I've got the following code that combines two vectors of arbitrary types into a combinatorial, i.e. std::vector<std::tuple<A, B>>.

template<class A, class B>
std::vector<std::tuple<A, B>> combine(const std::vector<A>& a, const std::vector<B>& b) {

    const auto combine_parts_ = [](const A& x, const B& y) {
        auto result = std::tuple_cat(std::make_tuple(x), std::make_tuple(y));
        return result;
    };

    std::vector<std::tuple<A, B>> results;

    for (const auto& x : a) {
        for (const auto& y : b) {
            results.push_back(combine_parts_(x, y));
        }
    }

    return results;
}

However, I'm unclear how to extend that to an arbitrary number of types/vectors. I don't care about duplicate types; in fact there may be two or more sets of the same type involved. That's okay.

Some example use cases, for instance:

const auto combinations = combine(
    std::vector<int>({1,2,3})
    , std::vector<int>({1,2,3})
);
const auto combinations2 = combine(
    std::vector<int>({1,2,3})
    , std::vector<int>({1,2,3})
    , std::vector<bool>({true,false})
);
const auto combinations3 = combine(
    std::vector<int>({1,2,3})
    , std::vector<int>({1,2,3})
    , std::vector<bool>({true,false})
    , std::vector<char>({'a','b','c','d','e'})
);

Chiefly, what I want to do is avoid the ugly nested for loop. At the same time, I want to combine some unit testing combinatorial use cases in order to work with the resulting std::tuple<...> as the test case.

Note, I am not talking about permutations of a homogeneous set here. That's been a point of confusion from prior questions.

I think it might have something to do with templates, variadics, std::tuple_cat, somewhere along the way, but I don't know.

Thoughts? Suggestions?

up vote 3 down vote accepted

If you want to compute the Cartesian product of heterogeneous vectors, you may do something like:

template <std::size_t N>
bool increase(const std::array<std::size_t, N>& sizes, std::array<std::size_t, N>& it)
{
    for (std::size_t i = 0; i != N; ++i) {
        const std::size_t index = N - 1 - i;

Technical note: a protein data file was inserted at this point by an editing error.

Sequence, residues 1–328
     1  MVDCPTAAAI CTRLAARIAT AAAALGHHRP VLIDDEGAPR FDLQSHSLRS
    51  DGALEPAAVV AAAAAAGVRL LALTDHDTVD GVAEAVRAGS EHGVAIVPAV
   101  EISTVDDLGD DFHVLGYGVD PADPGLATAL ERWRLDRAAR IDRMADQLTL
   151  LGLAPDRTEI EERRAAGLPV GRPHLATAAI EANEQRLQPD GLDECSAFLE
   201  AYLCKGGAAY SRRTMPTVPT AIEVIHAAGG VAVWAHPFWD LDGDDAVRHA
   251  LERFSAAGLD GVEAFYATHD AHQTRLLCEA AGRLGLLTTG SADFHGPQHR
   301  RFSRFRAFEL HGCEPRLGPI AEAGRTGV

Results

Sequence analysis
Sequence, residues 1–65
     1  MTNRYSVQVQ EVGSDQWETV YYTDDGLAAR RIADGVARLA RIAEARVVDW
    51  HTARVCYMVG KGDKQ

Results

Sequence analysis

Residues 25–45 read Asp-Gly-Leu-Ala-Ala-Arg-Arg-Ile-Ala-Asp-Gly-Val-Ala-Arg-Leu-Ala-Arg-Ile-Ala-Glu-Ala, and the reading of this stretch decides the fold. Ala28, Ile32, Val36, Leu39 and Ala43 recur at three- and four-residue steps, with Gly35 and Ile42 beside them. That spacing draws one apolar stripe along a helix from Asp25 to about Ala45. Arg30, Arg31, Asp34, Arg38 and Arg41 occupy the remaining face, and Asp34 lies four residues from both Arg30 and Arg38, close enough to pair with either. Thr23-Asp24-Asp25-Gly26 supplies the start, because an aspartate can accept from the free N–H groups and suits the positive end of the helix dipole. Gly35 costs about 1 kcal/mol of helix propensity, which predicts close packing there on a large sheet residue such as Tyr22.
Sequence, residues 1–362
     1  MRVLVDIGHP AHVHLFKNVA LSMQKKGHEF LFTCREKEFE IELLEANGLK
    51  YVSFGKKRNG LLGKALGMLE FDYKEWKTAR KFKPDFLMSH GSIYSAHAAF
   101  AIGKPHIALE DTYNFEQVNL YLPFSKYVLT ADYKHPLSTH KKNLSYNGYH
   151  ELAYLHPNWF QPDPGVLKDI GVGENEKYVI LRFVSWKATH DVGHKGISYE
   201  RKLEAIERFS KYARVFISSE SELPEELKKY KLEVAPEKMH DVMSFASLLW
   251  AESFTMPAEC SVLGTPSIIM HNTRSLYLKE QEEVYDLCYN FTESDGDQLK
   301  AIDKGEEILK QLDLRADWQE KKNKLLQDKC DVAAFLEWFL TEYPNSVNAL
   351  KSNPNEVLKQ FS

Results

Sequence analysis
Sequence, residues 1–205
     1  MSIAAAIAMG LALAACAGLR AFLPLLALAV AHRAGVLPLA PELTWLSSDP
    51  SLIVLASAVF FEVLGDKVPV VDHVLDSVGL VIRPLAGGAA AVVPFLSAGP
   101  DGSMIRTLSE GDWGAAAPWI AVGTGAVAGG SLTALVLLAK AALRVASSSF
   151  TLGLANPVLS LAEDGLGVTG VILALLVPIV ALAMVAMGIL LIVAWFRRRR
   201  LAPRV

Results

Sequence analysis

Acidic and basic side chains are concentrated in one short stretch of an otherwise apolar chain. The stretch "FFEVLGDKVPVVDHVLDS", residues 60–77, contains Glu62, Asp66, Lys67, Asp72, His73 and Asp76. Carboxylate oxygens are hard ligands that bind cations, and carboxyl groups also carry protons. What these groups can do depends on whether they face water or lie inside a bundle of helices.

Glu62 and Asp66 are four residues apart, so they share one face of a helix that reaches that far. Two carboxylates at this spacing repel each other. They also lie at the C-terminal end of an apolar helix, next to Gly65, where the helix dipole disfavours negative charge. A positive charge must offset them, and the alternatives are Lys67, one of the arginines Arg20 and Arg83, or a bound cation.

++it[index];
        if (it[index] >= sizes[index]) {
            it[index] = 0;
        } else {
            return true;
        }
    }
    return false;
}

template <typename F, std::size_t ... Is, std::size_t N, typename Tuple>
void apply_impl(F&& f,
                std::index_sequence<Is...>,
                const std::array<std::size_t, N>& it,
                const Tuple& tuple)
{
    f(std::get<Is>(tuple)[it[Is]]...);
}

template <typename F, typename ... Ts>
void cartesian_product_apply(F&& f, const std::vector<Ts>&... vs)
{
    constexpr std::size_t N = sizeof...(Ts);
    std::array<std::size_t, N> sizes{{vs.size()...}};
    std::array<std::size_t, N> it{};

    do {
        apply_impl(f, std::index_sequence_for<Ts...>(), it, std::tie(vs...));
    } while (increase(sizes, it));
}

And finally:

template <typename ... Ts>
std::vector<std::tuple<Ts...>> cartesian_product(const std::vector<Ts>&... vs)
{
    std::vector<std::tuple<Ts...>> res;

    cartesian_product_apply([&res](const auto&... args) { res.emplace_back(args...); },
                            vs...);
    return res;
}

With usage similar to:

std::vector<int> v1 = {1, 2, 3};
std::vector<std::string> v2 = {" A "," B "};
std::vector<int> v3 = {4, 5};

const auto res = cartesian_product(v1, v2, v3);
for (const auto& t : res) {
    // ...
}

Demo

  • It's interesting, but for me it seems MSVC (2017) std::array support is a bit lacking. Still, I think the fundamentals are there. – mwpowellhtx Nov 8 at 23:58
  • Compile fine here with Msvc 2017 (Version 15.8.7) – Jarod42 Nov 9 at 0:26

Slightly adapted, and with warnings disabled:

struct CartesianProduct {

    template<typename... Tys>
    std::vector<std::tuple<Tys...>> operator()(const std::vector<Tys>&... vectors) {
        std::vector<std::tuple<Tys...>> results;
        apply([&results](const auto&... args) {
            results.emplace_back(args...); }, vectors...);
        return results;
    }

private:

    template<std::size_t N>
    bool __increase(const std::array<std::size_t, N>& sizes, std::array<std::size_t, N>& it) {
        for (std::size_t i = 0; i < N; ++i) {
            const std::size_t index = N - 1 - i;
            ++it[index];
            if (it[index] >= sizes[index]) {
                it[index] = 0;
            }
            else {
                return true;
            }
        }
        return false;
    }

    template<typename Cb, std::size_t... Is, std::size_t N, typename Tup>
    void __apply_impl(Cb&& cb, std::index_sequence<Is...>
        , const std::array<std::size_t, N>& it, const Tup& tup) {
        cb(std::get<Is>(tup)[it[Is]]...);
    }

    template <typename Cb, typename... Tys>
    void apply(Cb&& cb, const std::vector<Tys>&... vectors) {
        constexpr std::size_t N = sizeof...(Tys);
        std::array<std::size_t, N> sizes{ {vectors.size()...} };
#pragma warning (disable: 4834)
        // TODO: TBD: warning C4834: discarding return value of function with 'nodiscard' attribute...
        std::array<std::size_t, N> it{ {(vectors.size(), 0u)...} };
#pragma warning (default: 4834)

        do {
            __apply_impl(cb, std::index_sequence_for<Tys...>(), it, std::tie(vectors...));
        } while (__increase(sizes, it));
    }
};

Remembered to include tuple, vector, as well as array.

Simple to use:

CartesianProduct prod;
// ...
const auto product_ = prod(ints_, doubles_, bools_);
CHECK(std::tuple_size<decltype(product_ )::value_type>::value == 3);

Although not entirely positive what the warning is all about.

  • warning is for discarded value vs.size() (but used for variadic expansion). Once I think bout it, std::array<std::size_t, N> it{}; should be enough. – Jarod42 Nov 9 at 8:36

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